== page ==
Dealing With the Rapid Progression of Alzheimer’s Disease
For the majority of people living with Alzheimer’s disease, the condition tends to progress slowly over a number of years. However, for some, the disease may progress much more quickly. There are factors and complications that may cause a sudden decline in an Alzheimer’s patient but these can often be overcome if treated quickly and the person will then revert back to a slower progression of the disease.
According to the Mayo Clinic, some of the common reasons why an Alzheimer’s disease patient may experience a sudden progression of the condition include:
- Medications: Some Alzheimer’s patients may develop an adverse reaction to their medication. If this is the case, their health care team can prescribe different medications.
- Infections: Some infections may exacerbate certain Alzheimer’s symptoms including pneumonia, sinus infections, and urinary tract infections. Once treated the patient should return to how they were before.
- Fatigue: Lack of sleep and fatigue can exacerbate many of the symptoms associated with Alzheimer’s disease.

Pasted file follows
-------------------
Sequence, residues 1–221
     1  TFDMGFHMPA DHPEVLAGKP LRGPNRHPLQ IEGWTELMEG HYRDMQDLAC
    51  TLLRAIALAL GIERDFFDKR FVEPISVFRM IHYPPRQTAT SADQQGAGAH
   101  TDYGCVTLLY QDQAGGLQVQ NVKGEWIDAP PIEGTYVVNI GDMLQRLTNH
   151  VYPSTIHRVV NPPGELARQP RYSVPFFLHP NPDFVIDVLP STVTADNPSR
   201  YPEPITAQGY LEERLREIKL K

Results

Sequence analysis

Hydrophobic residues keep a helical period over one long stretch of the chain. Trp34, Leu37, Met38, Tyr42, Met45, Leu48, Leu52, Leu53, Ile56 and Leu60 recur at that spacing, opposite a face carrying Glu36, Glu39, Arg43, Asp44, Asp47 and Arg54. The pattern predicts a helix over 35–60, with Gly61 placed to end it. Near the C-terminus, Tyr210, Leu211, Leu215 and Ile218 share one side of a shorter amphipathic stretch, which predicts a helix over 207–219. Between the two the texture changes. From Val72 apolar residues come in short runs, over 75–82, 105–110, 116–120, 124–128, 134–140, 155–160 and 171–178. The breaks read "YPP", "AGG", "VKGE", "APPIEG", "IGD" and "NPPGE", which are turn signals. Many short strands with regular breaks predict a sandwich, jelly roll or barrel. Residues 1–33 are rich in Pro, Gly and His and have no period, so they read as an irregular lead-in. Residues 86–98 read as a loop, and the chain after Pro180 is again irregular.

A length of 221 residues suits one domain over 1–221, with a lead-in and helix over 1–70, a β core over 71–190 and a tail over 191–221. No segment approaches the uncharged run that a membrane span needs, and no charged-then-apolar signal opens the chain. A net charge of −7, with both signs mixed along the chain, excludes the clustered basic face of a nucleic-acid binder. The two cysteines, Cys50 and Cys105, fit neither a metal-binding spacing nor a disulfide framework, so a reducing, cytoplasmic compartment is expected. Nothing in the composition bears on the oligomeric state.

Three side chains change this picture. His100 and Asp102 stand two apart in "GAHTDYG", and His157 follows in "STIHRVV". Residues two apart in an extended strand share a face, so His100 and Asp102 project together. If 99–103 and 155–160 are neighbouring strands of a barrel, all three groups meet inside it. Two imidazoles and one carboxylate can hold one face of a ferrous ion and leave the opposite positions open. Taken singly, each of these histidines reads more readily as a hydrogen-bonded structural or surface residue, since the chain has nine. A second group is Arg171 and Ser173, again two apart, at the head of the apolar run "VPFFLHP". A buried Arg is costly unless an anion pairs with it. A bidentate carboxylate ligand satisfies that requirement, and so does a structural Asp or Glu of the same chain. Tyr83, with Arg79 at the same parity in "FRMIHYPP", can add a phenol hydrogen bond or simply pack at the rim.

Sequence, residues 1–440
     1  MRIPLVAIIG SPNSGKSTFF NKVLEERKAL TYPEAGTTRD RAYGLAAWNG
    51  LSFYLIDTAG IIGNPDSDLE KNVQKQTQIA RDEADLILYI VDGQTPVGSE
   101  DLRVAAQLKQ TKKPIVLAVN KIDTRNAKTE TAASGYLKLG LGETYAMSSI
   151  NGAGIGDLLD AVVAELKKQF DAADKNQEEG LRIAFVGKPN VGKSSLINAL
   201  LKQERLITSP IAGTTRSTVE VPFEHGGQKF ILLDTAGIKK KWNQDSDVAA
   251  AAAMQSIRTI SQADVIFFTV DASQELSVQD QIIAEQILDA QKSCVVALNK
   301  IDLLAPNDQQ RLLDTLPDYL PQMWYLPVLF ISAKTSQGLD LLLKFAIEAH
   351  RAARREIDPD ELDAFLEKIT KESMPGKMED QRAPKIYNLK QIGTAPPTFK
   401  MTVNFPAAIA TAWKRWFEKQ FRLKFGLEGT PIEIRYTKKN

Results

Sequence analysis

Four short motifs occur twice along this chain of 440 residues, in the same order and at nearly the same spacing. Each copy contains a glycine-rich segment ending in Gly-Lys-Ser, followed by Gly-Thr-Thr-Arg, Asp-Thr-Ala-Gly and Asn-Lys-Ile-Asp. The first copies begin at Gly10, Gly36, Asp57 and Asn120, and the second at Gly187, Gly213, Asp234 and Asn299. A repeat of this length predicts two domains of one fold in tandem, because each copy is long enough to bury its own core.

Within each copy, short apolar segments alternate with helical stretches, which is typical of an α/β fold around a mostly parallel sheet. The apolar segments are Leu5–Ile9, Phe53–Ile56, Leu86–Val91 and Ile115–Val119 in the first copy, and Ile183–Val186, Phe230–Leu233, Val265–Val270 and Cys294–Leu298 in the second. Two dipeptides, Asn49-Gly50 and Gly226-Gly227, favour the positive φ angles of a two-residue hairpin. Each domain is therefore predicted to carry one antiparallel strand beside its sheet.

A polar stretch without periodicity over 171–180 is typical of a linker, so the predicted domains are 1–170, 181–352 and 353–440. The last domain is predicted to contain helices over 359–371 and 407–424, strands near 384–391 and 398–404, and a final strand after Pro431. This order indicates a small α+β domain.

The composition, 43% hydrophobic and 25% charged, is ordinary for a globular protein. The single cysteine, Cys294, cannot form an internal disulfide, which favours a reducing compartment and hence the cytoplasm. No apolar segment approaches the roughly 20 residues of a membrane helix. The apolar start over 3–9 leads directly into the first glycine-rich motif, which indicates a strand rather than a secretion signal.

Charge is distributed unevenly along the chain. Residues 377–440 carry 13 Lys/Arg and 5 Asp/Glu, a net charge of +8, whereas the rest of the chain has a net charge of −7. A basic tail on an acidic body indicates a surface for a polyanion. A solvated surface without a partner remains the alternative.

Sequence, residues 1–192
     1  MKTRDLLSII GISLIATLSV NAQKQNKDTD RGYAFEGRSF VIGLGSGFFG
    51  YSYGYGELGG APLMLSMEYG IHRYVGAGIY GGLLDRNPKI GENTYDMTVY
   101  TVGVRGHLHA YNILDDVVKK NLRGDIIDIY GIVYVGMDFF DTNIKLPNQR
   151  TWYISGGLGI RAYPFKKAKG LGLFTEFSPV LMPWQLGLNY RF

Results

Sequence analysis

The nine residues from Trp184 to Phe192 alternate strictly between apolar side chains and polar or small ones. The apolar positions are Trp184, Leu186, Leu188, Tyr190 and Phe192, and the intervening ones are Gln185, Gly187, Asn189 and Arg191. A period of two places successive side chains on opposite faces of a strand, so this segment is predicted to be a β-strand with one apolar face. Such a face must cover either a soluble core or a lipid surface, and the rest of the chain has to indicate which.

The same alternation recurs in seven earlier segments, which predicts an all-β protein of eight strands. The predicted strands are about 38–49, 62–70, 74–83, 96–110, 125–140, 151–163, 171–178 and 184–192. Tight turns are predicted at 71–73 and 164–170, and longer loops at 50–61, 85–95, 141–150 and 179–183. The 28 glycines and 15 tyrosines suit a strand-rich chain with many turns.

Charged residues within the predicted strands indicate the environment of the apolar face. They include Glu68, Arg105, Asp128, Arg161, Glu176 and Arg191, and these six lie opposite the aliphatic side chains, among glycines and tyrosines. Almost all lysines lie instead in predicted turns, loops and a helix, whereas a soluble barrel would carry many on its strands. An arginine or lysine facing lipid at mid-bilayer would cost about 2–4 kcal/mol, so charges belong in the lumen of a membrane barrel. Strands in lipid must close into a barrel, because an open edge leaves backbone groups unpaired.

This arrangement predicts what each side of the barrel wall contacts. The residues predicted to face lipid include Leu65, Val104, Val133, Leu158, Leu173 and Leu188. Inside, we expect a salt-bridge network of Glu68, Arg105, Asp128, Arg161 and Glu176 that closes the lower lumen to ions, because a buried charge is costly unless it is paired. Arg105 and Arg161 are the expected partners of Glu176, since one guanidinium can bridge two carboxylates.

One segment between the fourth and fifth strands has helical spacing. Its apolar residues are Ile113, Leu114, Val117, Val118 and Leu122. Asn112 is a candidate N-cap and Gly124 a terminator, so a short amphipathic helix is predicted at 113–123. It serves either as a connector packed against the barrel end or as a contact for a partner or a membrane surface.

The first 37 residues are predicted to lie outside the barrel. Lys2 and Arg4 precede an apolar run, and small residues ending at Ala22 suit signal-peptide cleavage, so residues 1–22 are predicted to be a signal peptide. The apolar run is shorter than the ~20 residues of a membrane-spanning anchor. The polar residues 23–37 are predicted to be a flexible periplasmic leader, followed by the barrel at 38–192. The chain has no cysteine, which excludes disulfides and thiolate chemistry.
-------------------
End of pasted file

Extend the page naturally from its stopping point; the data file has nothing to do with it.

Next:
- Stress: A change in the patient’s social surroundings or environment may trigger stress. Moving home, a change in health care team or change in family dynamics may lead to a temporary progression of symptoms.
- Vitamin deficiencies: If the patient is deficient in certain vitamins such as vitamin B-12, folate, niacin, or thiamin, this may bring on a rapid progression of symptoms. Regular blood tests can check the levels of these important vitamins.
- Depression: Depression and anxiety are common in Alzheimer’s patients but can be treated.
- Thyroid problems: Thyroid problems such as hypothyroidism can exacerbate Alzheimer’s disease symptoms.
- Other neurological conditions: MRI scans may be needed to rule out the presence of other neurological conditions which may be advancing the Alzheimer’s disease.
Alzheimer’s News Today is strictly a news and information website about the disease. It does not provide medical advice, diagnosis or treatment. This content is not intended to be a substitute for professional medical advice, diagnosis, or treatment. Always seek the advice of your physician or another qualified health provider with any questions you may have regarding a medical condition. Never disregard professional medical advice or delay in seeking it because of something you have read on this website.